In the same week that Sky News launched its new 24-hour free-to-air channel to 7 million regional Australians, it wants you to believe it has been unfairly silenced by Big Tech. This is a bit rich, coming from the premium channel on Australia's largest pay TV service - a channel that reaches more than a third of the Australian population if we are to believe Sky's own figures.
YouTube, which is owned by Google, on Thursday suspended Sky News Australia from uploading new videos for a week, saying it had breached its policy on COVID-19 misinformation. It also issued a "strike" under Google's three-strike policy; if Sky gets three strikes in 90 days it is permanently suspended from the platform.
For the last 18 months of this pandemic, Sky has been conveying a near-continuous "debate" about the efficacy of masks and lockdowns to its audience on programs such as Alan Jones's Sky At Night and Andrew Bolt's Bolt Report. Sky was forced to issue an apology earlier this month after broadcasting a segment in which Alan Jones and MP Craig Kelly questioned whether the Delta strain was as deadly as the original - and whether vaccines would actually help.
The fact that YouTube has singled out a few of these videos in the Sky archive and decided that they might be conveying misinformation is too little, too late in my opinion. They'll be back next week, serving up more scintillating "debates" about science that is well established and public health measures that are designed to combat the pandemic.
What is most predictable about all this is not that Sky claims its hosts didn't actually deny the existence of COVID-19 (that is perhaps the only fact they haven't questioned), it's that they have painted themselves the victim of a conspiracy against conservative media by Big Tech.
Sky News editor Jack Houghton wrote an article on Monday claiming the ban was an attack on free speech and "freedom of debate", citing article 19 of the Universal Declaration of Human Rights for good measure. Not only this, but YouTube's "approach to policing debate around COVID-19 policies appears arbitrarily focused against conservative voices".
Perhaps it's because these same conservative voices are more prone spreading misinformation during the pandemic. Scientific facts like the efficacy of mask-wearing in preventing the spread of airborne viruses or whether vaccines work against the Delta strain are not actually "debates". There are no two sides to the science, as there might be in a political story. There's just what has been proven, and then there's a group of people who are actually wrong about that.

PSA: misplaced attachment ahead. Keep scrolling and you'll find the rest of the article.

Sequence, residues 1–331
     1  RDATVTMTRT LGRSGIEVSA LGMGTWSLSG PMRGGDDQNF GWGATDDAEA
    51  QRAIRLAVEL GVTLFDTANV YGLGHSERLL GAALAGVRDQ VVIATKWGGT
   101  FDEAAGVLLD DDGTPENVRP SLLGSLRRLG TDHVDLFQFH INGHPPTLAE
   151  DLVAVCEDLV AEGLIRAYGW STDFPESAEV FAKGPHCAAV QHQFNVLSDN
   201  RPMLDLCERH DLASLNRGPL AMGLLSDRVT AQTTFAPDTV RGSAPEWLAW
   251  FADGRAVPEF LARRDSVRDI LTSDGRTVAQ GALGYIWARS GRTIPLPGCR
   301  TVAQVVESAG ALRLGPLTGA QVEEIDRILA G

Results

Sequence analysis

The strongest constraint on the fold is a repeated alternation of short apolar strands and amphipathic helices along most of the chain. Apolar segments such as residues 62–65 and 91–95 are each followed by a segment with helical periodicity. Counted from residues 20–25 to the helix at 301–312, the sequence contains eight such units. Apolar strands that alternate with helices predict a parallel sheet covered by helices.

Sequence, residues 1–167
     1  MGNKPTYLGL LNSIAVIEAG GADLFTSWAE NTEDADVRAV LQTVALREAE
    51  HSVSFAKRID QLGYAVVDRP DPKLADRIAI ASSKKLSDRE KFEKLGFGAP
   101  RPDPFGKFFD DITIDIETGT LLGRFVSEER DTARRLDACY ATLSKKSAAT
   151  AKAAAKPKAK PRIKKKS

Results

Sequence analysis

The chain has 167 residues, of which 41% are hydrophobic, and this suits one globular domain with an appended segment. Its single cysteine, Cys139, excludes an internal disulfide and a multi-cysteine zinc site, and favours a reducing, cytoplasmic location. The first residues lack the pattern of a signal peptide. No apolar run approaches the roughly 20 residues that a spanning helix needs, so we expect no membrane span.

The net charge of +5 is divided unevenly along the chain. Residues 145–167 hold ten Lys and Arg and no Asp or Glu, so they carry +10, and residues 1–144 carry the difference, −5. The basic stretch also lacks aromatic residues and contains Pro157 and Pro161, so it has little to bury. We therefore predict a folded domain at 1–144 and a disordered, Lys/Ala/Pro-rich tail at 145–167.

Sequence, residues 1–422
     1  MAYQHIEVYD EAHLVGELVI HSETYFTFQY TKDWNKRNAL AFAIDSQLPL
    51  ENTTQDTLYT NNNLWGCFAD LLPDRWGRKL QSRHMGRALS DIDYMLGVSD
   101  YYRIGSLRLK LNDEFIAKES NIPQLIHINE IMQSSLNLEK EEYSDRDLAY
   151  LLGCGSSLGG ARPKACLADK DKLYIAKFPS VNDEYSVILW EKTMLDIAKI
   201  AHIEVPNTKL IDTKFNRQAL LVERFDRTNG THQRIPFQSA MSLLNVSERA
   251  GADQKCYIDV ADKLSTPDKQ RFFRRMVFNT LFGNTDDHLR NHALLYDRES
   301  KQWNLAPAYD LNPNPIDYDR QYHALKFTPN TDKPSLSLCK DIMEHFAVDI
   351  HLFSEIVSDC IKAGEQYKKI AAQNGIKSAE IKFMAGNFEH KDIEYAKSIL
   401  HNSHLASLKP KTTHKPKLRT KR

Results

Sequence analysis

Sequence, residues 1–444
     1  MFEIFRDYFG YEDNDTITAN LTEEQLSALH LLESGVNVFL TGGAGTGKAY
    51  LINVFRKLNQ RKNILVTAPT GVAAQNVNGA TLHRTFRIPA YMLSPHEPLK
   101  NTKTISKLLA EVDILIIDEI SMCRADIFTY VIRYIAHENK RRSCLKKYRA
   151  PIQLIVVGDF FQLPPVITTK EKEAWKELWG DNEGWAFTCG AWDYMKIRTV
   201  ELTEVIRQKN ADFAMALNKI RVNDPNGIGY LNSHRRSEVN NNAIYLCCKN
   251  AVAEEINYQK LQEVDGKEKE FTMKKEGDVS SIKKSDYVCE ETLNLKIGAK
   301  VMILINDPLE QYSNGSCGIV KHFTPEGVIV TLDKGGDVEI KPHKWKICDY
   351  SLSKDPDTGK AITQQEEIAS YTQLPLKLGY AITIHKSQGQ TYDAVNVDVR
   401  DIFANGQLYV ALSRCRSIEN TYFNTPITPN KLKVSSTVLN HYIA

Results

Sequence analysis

The problem is, Sky News takes the people who are wrong about that and broadcasts their opinion to 7 million Australians. It manufactures debate where there is none. Then it puts its back catalogue on YouTube for 1.86 million subscribers.
YouTube has decided it isn't going to ignore some of Sky's more egregious "debates" about the facts anymore, and it has pulled some videos and issued a strike. Good on them. Imagine if the Australian Communications and Media Authority did the same and decided to strengthen and enforce its rules on harmful content being broadcast to Australians during the pandemic.
Meanwhile, the TV channel that is supposedly being silenced by Big Tech is extending its voice into a rather large Australian regional market.
On Monday, Sky News launched their new 24-hour free-to-air channel, after striking deals with Win and Southern Cross Austereo. They'll be offering up an around-the-clock feed of important "debates" from the likes of Peta Credlin, Alan Jones, and Andrew Bolt to regional markets across Queensland, Victoria, South Australia, and NSW from this week.
If viewers from Wollongong to Wagga Wagga are not yet familiar with the COVID-19 "scaremongering" our health authorities are engaging in, or how the media and big pharma are "feeding us untruths" about the pandemic, they soon will be. Alan Jones is about to enter their lounge rooms on Sky At Night and explain all this in great detail.
If regional viewers miss any of these important programs, they can always go to the YouTube channel back catalogue - it will be reinstated by Thursday next week as though all this had never happened. Silence is golden.
This article is republished from The Canberra Times under a Creative Commons license. Read the original article.